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Disease Profile

Multiple symmetric lipomatosis

Prevalence estimates on Rare Medical Network websites are calculated based on data available from numerous sources, including US and European government statistics, the NIH, Orphanet, and published epidemiologic studies. Rare disease population data is recognized to be highly variable, and based on a wide variety of source data and methodologies, so the prevalence data on this site should be assumed to be estimated and cannot be considered to be absolutely correct.


US Estimated

Europe Estimated

Age of onset






Autosomal dominant A pathogenic variant in only one gene copy in each cell is sufficient to cause an autosomal dominant disease.


Autosomal recessive Pathogenic variants in both copies of each gene of the chromosome are needed to cause an autosomal recessive disease and observe the mutant phenotype.


dominant X-linked dominant inheritance, sometimes referred to as X-linked dominance, is a mode of genetic inheritance by which a dominant gene is carried on the X chromosome.


recessive Pathogenic variants in both copies of a gene on the X chromosome cause an X-linked recessive disorder.


Mitochondrial or multigenic Mitochondrial genetic disorders can be caused by changes (mutations) in either the mitochondrial DNA or nuclear DNA that lead to dysfunction of the mitochondria and inadequate production of energy.


Multigenic or multifactor Inheritance involving many factors, of which at least one is genetic but none is of overwhelming importance, as in the causation of a disease by multiple genetic and environmental factors.


Not applicable


Other names (AKA)

Benign symmetrical lipomatosis; Launois-Bensaude syndrome; Madelung's disease;


Congenital and Genetic Diseases; Metabolic disorders; Skin Diseases


Multiple symmetric lipomatosis is a rare condition characterized by the symmetric growth of fatty tumors (lipomas) around the neck, shoulders, upper arms and/or upper trunk.[1] It most often affects men of Mediterranean ancestry between the ages of 30 and 70 who have a history of alcohol abuse. Non-alcoholics and women can also be affected. The signs and symptoms vary greatly from person to person.[2] Usually, accumulation of fatty tissue increases over time and may lead to a loss of neck mobility and pain.[3] The lipomas can cause physical deformity and peripheral neuropathy, when they compress a nerve. In the majority of cases, the condition does not lead to cancer; however, lipomas can become cancerous in rare circumstances.[2] The exact cause of the condition is unknown, but it may be associated with mutations in mitochondrial DNA.[3] Treatment may include medications to correct associated metabolic conditions, surgery or liposuction to remove the lipomas, and avoidance of alcohol.[2]


The signs and symptoms of multiple symmetric lipomatosis vary from person to person. The condition is characterized by the symmetric growth of fatty tumors (lipomas) around the neck, shoulders, upper arms and/or upper trunk. In some people with the condition, these fatty deposits may grow rapidly over the course of months, while others experience a slower progression over the course of years.[1] The lipomas can be associated with significant physical deformity and may lead to a loss of neck mobility and pain.[3] In the majority of cases, the disease not lead to cancer; however, they can become cancerous in rare circumstances.[2]

People with multiple symmetric lipomatosis may also develop:[4][1][5]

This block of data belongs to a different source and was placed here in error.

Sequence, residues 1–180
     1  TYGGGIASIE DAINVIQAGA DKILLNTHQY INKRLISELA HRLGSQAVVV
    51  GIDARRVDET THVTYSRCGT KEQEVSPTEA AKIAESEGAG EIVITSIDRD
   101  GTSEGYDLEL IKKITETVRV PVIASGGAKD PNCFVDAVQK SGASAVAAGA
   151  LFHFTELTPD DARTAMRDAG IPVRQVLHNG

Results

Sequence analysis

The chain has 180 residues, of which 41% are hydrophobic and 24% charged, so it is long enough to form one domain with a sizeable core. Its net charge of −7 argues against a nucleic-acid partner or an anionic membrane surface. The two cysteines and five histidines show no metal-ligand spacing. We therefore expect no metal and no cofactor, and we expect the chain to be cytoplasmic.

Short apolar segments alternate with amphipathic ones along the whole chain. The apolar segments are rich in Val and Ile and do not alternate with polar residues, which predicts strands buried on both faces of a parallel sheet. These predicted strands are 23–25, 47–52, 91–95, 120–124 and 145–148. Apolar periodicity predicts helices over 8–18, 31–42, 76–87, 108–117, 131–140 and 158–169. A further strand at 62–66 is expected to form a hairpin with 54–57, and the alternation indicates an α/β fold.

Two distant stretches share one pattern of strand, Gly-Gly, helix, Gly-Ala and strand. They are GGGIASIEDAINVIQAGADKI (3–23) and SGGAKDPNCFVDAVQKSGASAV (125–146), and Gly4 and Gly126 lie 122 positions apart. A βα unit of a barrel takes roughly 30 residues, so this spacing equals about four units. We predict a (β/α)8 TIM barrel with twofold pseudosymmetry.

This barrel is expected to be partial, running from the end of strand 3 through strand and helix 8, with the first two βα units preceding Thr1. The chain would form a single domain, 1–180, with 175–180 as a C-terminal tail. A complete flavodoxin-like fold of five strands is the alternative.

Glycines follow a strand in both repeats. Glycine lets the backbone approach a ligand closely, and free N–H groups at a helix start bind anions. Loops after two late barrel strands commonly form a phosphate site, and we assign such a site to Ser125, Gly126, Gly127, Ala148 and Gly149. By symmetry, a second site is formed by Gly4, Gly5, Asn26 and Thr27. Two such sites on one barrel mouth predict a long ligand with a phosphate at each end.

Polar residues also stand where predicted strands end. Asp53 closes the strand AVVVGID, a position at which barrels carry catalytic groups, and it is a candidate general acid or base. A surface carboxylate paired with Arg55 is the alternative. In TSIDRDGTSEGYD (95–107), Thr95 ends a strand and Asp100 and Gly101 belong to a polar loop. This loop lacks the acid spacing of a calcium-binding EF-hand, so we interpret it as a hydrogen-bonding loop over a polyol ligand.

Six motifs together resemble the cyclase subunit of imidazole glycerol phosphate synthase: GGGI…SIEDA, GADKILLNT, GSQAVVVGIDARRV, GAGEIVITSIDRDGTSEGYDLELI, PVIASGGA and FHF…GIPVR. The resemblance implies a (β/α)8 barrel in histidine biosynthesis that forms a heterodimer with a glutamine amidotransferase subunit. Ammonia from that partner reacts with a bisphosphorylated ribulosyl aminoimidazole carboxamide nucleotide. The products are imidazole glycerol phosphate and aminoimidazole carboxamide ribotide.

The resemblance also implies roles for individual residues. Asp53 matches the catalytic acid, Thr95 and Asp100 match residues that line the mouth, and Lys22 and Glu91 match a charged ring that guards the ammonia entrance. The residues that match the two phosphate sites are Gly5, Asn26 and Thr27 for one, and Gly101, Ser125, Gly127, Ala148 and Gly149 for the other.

• Peripheral neuropathy
  • Neurological disturbances including difficulty swallowing, hoarseness, sleep problems, tachycardia (rapid heart rate), fluctuation in blood pressure, and breathing issues
  • Other metabolic abnormalities or diseases such as hypertension, diabetes mellitus, hypothyroidism, and liver disease

This table lists symptoms that people with this disease may have. For most diseases, symptoms will vary from person to person. People with the same disease may not have all the symptoms listed. This information comes from a database called the Human Phenotype Ontology (HPO) . The HPO collects information on symptoms that have been described in medical resources. The HPO is updated regularly. Use the HPO ID to access more in-depth information about a symptom.

Medical Terms Other Names
Learn More:
80%-99% of people have these symptoms
Joint pain
Joint stiffness
Stiff joint
Stiff joints

[ more ]

Multiple lipomas
Multiple fatty lumps
30%-79% of people have these symptoms
Gait disturbance
Abnormal gait
Abnormal walk
Impaired gait

[ more ]

Enlarged liver
Insulin resistance
Body fails to respond to insulin
Pins and needles feeling

[ more ]

Reduced tendon reflexes
Percent of people who have these symptoms is not available through HPO
Abnormality of the skin
Autosomal dominant inheritance
Fatty lump
Noncancerous fatty lump

[ more ]

Peripheral neuropathy


The exact underlying cause of multiple symmetric lipomatosis remains unknown, but several theories have been proposed. The body's inability to properly metabolize fat in people with the condition suggests that multiple symmetric lipomatosis may be an endocrine disorder.[1] An enzyme defect or a change in the surface of cells could prevent the breakdown of fat leading to the characteristic signs and symptoms of the condition.[6] Recent findings suggest that it may be related to defective regulation of mitochondria in brown fat.[3] Alcohol consumption may also play a role in the development of the disease, since roughly 90% of affected people have a history of alcohol abuse.[6][5]

Multiple symmetric lipomatosis has also been linked to genetic factors. Rarely, more than one family member can be affected by this condition which suggests that it may be inherited in at least some cases. In the majority of these families, the mode of inheritance has not been determined.[1] However, mutations in mitochondrial DNA involving the MT-TK gene have been identified in some families who have multiple symmetric lipomatosis in combination with other conditions that affect many different systems of the body.[7][3][8]